This may be pretty basic I've come across something in SOQL I'm not sure I totally understand.

List<Contact> con = [SELECT Id, (SELECT Id, Name, CreatedDate, ContentType FROM Attachments WHERE ContentType ='application/pdf' ORDER BY CreatedDate DESC) FROM Contact LIMIT 10];

Here I'm selecting a list of Contact records and Attachment records relevant to said Contact. The problem I have is querying Attachments given the object is called Attachment.

I know, for example, if this List<> was in a for loop, I can do things like:

for (Attachment a : con.Attachments) {
  if (a.Name.startsWithIgnoreCase('Resume_')) {

But again, I'm unsure as to why the object is called Attachment yet I'm allowed to query Attachments? Is it only in sub queries that you should use the plural of the object? Where can you find this information with respect to custom objects or is this pluralisation only for standard objects?

4 Answers 4


The relationship/lookup type fields are two-way streets. Defined on the child object, they typically have a name from child to parent (e.g. Attachment.ParentId), and from parent to child (e.g. Attachments). Most standard relationships will follow the naming convention of pluralizing the child object name as the relationship name when querying from the parent.

There are a few standard lookup fields that have no relationship name (and thus cannot be queried as a sub-query), and a precious few actually don't use the pluralized form of the child object's name as the relationship name. I don't remember any examples off the top of my head, but I know they exist, as I've run across them before.

It's important to note that you're not querying against all versions of the that object, but only one specific field in the child object. There aren't many examples of this distinction in the standard API, since most child objects only have one lookup field to a particular type of parent, but you can observe this effect with custom relationships.

For example, let's say you create two custom lookup fields on Contact, one called "Mother" and one called "Father."

You'd now have two custom relationships. In order to get all of the contact records that call a specific parent record Mother or Father, you'd have to query both relationships to get all of the children, which would look like this:

Contact[] people = [SELECT (SELECT Name FROM MothersChildren__r), 
                           (SELECT Name FROM FathersChildren__r)
                    FROM Contact];

This example should hopefully make it more obvious: we're getting two lists of contacts for each parent contact record, one where the Mother field points to that contact record, and one where the Father field points to that contact record.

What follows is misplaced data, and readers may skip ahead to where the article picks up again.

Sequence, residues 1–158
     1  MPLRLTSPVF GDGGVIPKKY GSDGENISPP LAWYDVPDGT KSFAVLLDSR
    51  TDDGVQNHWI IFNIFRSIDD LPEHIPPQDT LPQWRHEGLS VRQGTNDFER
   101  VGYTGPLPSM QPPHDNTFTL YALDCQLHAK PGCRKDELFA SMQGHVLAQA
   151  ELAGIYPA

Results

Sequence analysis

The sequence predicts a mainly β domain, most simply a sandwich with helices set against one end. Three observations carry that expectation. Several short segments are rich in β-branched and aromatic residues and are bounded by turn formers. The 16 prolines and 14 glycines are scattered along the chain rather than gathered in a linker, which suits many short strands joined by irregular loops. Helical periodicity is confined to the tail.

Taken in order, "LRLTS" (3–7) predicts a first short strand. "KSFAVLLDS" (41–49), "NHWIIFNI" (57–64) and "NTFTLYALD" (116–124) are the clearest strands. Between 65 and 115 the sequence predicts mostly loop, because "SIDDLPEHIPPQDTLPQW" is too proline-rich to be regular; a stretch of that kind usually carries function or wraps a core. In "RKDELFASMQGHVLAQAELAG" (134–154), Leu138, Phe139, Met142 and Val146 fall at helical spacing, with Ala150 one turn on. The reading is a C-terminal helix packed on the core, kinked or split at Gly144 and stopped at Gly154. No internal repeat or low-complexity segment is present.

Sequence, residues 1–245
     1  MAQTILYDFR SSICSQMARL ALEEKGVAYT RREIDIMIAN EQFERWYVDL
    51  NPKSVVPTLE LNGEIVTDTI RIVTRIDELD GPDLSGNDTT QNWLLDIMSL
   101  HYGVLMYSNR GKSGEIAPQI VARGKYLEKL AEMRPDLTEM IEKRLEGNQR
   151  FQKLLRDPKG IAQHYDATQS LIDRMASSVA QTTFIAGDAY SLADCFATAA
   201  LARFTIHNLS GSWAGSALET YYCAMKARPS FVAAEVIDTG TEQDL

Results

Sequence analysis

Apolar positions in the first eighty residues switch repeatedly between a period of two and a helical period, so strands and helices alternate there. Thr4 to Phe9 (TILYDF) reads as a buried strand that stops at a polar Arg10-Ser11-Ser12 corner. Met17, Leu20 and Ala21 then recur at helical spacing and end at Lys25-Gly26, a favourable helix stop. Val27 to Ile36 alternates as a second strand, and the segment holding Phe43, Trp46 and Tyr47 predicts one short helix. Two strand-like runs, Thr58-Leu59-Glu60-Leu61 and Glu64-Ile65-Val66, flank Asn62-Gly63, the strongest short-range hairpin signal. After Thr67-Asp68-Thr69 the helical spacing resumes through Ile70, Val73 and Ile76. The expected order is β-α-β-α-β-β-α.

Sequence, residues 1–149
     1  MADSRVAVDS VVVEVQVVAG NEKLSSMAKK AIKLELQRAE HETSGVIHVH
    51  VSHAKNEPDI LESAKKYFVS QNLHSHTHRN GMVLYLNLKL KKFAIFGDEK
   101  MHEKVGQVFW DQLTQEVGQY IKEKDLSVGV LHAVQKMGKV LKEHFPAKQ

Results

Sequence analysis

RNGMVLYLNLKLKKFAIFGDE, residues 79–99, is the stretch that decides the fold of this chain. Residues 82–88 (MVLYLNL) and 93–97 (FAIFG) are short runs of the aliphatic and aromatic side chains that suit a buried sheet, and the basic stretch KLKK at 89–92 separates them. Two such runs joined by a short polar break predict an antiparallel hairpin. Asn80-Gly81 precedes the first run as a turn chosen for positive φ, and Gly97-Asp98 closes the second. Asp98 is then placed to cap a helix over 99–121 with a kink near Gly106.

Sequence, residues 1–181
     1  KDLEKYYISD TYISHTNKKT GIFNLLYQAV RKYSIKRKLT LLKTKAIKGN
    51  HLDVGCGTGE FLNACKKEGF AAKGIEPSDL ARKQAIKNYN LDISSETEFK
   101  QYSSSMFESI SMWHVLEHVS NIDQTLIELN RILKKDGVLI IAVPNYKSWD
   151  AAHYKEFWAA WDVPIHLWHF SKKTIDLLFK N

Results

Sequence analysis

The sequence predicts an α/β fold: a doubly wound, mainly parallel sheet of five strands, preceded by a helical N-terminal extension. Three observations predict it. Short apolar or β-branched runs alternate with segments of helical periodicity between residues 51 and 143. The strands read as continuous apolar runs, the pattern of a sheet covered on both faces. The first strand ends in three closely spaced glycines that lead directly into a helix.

Note that, because these are custom relationships, we can call them whatever we want (I simply chose MothersChildren and FathersChildren for illustrative purposes), and being custom, they always end in "__r", just has how custom field and object names end in "__c".


As always with child relationships, you can look at the ChildRelationship and see its relationshipName. In this case:

for (ChildRelationship relation : SObjectType.Contact.getChildRelationships())
    if (relation.getChildSObject() == Attachment.sObjectType)

Considering the child records are the "many" in a "many-to-one" relationship, it makes sense for the name to be plural.

Also worth peeking at A Deeper look at SOQL and Relationship Queries on Force.com and note that the child relationship name they use in their example of a Left Outer Join is also plural:

SOQL Query:

SELECT Name, (SELECT Name FROM Job_Applications__r) FROM Position__c


Query REsult


Attachments is the standard child relationship name for that object

Same with account.contacts, account.opportunities for example

If you create a lookup you have the ability to set the child relationship name. So if I look up to account I may name (not in real life) the child relationship "relatedAccountChildren" and would reference it from a parent record at relatedAccountChildren__r. This would be analogous to Attachments.

All of the above would be used in subqueries as they return a list of child records. You cannot access the like a lookup on the parent to the child.



if anyone still runs across this question, there is a great explanation from Salesforce docs that specifies how and when to use the plural version in queries.

Understanding Relationship Names

It is a very clear article and should answer all of ops questions. Happy coding!


You must log in to answer this question.

Not the answer you're looking for? Browse other questions tagged .